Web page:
Read this book for my grad course and absolutely appreciated the insight provided. The author kept it engaging and very real to not only the history and issues that come about in the world of hip hop, but to challenge the reader to critically to think about the lyrics of hip hop music (which is a form of spoken word and art) that is stereotypical perpetuated within the African-American community and the consumers that purchase the music.
Jan 15, 2011 Brandon rated it liked it
This review has been hidden because it contains spoilers. To view it, click here.
Feb 04, 2012 Latasha rated it really liked it
Tricia Rose begins, The Hip Hop Wars with the sentence, “HIP HOP IS IN A TERRIBLE CRISIS”…

Rose gives a thirteen chapter analysis on “Hip Hop Critics” and “Hip Hop Defenders.” The opening argument explores the criticism that Hip Hop glorifies violence. Tricia uncovers the inferences born in the mid-1990s by N.W.A, who released a “dedication” to the LA Police Department titled, “*uck the Police.” In contrast a Hip Hop heavy hitter states:

“I honestly feel it’s a lot more important things [to worry
Natalie S.
Jun 09, 2012 Natalie S. rated it really liked it
The format of this text is brilliant. Rose claims that hip-hop is in crisis, but also emphasizes that criticisms of hip-hop often rely on racist and sexist logic. Meanwhile, supporters of hip-hop often blindly defend its consistently anti-woman, violent content. So she spends the first half of the book analyzing the top arguments against hip-hop and the second half analyzing the arguments in defense of it in order to encourage listeners to remain critical of the media they consume without writin ...more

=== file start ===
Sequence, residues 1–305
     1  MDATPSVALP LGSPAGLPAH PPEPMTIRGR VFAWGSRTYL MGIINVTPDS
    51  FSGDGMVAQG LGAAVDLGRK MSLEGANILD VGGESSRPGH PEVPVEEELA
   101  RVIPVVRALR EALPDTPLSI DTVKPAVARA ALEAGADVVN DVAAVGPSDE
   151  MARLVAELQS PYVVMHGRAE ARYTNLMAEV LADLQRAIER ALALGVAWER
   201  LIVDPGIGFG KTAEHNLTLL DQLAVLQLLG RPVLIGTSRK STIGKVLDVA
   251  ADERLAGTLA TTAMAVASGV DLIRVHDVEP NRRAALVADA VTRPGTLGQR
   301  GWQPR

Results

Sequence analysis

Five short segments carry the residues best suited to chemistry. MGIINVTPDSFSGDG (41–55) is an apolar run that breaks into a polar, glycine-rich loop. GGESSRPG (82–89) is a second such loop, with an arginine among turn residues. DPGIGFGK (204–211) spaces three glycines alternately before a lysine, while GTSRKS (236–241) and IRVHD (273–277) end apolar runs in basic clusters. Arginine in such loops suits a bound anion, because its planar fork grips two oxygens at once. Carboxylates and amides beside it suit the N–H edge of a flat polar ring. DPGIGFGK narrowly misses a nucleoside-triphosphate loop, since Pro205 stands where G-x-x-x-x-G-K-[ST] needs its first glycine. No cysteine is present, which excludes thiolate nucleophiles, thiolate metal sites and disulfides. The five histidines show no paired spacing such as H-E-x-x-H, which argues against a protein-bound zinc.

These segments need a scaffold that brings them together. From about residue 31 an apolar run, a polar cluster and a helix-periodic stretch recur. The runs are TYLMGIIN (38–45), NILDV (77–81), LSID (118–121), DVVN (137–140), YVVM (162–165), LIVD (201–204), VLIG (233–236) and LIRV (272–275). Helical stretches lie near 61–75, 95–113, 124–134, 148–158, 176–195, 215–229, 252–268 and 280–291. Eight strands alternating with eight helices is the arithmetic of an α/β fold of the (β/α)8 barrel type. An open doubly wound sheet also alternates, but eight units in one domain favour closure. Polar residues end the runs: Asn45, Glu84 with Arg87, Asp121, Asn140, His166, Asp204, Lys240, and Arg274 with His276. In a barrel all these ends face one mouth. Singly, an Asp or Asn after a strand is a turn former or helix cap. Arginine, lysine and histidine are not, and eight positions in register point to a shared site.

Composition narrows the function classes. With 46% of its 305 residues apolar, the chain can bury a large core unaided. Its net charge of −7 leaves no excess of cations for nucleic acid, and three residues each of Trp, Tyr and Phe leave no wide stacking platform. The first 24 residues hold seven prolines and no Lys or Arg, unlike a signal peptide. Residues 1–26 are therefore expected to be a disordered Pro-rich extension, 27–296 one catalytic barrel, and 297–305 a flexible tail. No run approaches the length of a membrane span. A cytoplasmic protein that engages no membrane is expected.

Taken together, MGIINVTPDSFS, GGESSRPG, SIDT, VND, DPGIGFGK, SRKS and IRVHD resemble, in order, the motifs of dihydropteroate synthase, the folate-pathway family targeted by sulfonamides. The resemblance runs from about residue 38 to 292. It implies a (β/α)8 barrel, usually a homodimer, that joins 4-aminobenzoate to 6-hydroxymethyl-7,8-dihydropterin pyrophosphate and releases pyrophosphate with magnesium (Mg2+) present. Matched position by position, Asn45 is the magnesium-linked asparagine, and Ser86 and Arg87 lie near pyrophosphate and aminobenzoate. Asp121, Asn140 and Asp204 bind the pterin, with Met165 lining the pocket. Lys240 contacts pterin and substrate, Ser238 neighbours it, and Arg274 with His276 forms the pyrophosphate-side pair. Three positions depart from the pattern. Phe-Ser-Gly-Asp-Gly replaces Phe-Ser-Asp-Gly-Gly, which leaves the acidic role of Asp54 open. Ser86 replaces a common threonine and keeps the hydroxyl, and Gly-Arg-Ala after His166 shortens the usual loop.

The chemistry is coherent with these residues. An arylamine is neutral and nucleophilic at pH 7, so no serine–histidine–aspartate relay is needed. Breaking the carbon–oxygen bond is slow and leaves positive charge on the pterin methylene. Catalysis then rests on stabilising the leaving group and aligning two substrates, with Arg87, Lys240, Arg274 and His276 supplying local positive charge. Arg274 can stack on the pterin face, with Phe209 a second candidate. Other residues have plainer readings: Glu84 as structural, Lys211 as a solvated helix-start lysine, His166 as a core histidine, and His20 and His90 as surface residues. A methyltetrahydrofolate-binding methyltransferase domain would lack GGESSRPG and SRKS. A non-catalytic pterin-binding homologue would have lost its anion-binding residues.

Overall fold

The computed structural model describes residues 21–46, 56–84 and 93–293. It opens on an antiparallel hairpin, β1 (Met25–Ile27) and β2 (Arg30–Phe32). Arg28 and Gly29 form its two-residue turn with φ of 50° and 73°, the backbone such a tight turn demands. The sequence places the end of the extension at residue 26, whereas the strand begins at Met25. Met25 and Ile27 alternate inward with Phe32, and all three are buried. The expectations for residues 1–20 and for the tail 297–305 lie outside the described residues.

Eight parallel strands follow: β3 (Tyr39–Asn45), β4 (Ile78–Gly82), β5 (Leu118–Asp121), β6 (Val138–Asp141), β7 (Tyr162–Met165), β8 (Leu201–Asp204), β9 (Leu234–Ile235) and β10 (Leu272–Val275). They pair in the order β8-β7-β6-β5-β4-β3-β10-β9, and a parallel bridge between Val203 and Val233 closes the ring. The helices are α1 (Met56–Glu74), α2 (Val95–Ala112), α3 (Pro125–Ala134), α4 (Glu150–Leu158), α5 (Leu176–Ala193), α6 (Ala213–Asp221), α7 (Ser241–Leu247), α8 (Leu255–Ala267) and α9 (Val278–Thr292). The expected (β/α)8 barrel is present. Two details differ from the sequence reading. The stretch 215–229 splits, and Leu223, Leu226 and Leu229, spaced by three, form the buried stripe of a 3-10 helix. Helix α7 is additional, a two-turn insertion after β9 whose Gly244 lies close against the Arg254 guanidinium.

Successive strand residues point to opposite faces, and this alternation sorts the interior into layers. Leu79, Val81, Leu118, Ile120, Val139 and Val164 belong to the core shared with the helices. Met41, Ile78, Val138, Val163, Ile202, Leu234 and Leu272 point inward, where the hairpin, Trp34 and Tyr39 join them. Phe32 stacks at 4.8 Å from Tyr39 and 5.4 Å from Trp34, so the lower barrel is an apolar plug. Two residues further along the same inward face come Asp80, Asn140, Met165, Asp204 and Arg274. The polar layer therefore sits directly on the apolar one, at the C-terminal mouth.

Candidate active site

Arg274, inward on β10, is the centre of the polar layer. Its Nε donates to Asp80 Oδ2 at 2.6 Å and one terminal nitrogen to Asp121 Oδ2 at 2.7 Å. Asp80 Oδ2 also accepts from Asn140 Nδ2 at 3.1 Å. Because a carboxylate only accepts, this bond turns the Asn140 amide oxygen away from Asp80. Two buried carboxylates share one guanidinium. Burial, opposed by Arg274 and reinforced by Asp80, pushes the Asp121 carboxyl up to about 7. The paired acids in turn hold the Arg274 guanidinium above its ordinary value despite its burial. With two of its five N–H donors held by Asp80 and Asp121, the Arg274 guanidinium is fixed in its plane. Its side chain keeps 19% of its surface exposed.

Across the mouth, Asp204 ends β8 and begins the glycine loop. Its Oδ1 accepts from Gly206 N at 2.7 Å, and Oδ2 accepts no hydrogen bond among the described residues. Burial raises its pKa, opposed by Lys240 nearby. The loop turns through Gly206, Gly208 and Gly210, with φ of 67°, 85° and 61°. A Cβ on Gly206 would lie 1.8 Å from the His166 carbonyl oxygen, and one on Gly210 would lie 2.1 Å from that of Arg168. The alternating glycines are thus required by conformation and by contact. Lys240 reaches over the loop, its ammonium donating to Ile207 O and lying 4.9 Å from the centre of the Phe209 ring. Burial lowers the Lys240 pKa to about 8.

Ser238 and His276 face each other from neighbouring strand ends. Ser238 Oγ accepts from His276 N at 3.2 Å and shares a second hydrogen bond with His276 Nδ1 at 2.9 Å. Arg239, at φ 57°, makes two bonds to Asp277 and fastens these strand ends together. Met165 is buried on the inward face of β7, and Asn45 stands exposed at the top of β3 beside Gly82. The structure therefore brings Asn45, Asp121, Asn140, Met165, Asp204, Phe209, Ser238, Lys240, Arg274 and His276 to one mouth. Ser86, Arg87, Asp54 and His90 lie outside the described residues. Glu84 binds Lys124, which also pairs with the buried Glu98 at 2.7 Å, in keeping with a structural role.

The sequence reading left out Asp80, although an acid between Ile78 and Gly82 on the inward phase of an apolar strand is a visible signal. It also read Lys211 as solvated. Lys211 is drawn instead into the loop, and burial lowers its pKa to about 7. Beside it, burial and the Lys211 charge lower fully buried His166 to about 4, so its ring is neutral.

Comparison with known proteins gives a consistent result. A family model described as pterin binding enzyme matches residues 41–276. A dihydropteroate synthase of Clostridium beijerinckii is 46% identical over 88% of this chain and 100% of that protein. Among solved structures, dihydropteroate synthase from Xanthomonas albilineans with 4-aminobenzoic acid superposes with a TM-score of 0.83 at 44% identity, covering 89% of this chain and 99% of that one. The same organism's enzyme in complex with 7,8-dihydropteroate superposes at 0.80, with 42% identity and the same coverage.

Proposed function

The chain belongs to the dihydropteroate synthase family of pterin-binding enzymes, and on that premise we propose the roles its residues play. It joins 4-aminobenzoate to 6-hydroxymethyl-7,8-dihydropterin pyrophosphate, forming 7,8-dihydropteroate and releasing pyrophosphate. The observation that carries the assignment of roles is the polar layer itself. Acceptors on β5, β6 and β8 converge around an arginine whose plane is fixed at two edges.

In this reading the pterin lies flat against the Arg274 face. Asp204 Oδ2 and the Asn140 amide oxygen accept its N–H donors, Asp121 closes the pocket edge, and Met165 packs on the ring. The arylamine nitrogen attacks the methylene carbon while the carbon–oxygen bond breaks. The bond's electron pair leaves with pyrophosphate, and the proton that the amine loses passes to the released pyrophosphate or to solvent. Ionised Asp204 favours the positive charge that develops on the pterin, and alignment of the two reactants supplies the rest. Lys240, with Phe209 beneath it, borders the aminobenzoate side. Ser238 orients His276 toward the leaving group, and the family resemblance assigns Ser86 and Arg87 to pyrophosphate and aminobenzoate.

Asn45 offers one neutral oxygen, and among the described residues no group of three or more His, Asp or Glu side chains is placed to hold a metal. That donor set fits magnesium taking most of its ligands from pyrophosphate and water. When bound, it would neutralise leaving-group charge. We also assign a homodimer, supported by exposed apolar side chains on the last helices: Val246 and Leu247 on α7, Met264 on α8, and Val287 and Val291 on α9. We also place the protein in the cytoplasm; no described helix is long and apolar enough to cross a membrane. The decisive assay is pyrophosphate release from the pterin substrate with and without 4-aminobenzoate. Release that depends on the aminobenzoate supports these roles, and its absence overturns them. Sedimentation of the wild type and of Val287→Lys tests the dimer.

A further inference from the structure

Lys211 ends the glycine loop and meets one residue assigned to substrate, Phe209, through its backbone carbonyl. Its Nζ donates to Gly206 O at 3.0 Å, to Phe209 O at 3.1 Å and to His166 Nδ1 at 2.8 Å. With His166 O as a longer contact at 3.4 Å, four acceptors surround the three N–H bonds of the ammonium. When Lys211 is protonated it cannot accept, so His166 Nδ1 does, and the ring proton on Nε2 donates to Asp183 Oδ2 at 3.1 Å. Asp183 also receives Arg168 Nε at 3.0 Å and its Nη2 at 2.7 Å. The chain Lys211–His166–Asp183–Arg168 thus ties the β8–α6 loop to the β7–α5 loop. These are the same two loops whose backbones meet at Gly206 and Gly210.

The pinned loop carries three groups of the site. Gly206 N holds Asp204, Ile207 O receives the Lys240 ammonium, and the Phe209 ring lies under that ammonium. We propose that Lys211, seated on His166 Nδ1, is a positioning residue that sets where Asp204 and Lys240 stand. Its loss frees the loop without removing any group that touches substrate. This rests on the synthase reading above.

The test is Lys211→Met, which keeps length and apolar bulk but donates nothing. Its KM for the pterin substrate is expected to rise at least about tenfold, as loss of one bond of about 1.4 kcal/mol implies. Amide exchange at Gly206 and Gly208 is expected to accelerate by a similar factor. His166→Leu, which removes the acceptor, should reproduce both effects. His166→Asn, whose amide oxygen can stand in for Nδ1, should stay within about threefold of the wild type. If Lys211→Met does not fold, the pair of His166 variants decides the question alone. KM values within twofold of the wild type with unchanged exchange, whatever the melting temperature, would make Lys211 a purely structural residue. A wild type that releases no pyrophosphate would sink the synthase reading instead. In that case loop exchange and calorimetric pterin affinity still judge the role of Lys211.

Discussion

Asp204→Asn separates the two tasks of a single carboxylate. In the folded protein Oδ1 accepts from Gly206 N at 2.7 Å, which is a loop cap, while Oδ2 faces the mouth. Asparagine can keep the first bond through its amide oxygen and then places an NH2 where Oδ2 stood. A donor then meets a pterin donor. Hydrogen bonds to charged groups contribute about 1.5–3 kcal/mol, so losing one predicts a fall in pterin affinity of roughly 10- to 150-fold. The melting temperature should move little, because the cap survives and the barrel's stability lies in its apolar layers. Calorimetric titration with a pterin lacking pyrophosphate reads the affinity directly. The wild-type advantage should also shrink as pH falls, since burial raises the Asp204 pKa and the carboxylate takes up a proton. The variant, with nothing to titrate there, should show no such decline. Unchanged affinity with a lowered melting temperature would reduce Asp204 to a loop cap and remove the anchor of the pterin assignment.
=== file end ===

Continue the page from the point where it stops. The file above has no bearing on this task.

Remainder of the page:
Dec 13, 2009 Marie-christelle rated it it was ok
this should be interesting - she explores both sides of the war: those who defend the ills of Hip-Hop and those who are sick of it....

WHY I'M READING THIS BOOK - I'm a big advocate for media and music literacy: learning the language of what we see and what we hear. If society doesn't learn how to filter what we take in - we should expect nothing better than garbage in, garbage out...point, blank. So I'm curious how this book speaks on media/music literacy.

Plus just want to see how the author exp
Stephen Yates
T. Rose hammers down on 'modern' hip hop, weigh political and conscious hip hop positively as a key answer for African Americans. Very good in its outline - a number of key debates occurring mostly outside hip hop circles, the kinds of things that occur on TV when non-hip hoppers talk about the genre. Emphaiszes the sexualization and inauthentic violence which now is a part of hip hop. Also demonizes the commercialization of the genre, which as an argument has some racial overtones. Probably her ...more
Nov 10, 2015 Monika rated it really liked it
Shelves: nonfiction
I knew I liked this book when I initially reviewed it for adoption, but I especially enjoyed going through it more slowly this semester. The arguments Rose offered reflected many of the views in the class, and she challenged us all to be thoughtful in our positions. I hope the author will continue to update this work; my students had many questions that could be addressed in a next edition (twitter and hip hop, religion and the rise of commercial Christian rap artists, the increase of digital on ...more
Dec 28, 2008 Karlyn rated it it was amazing
Shelves: music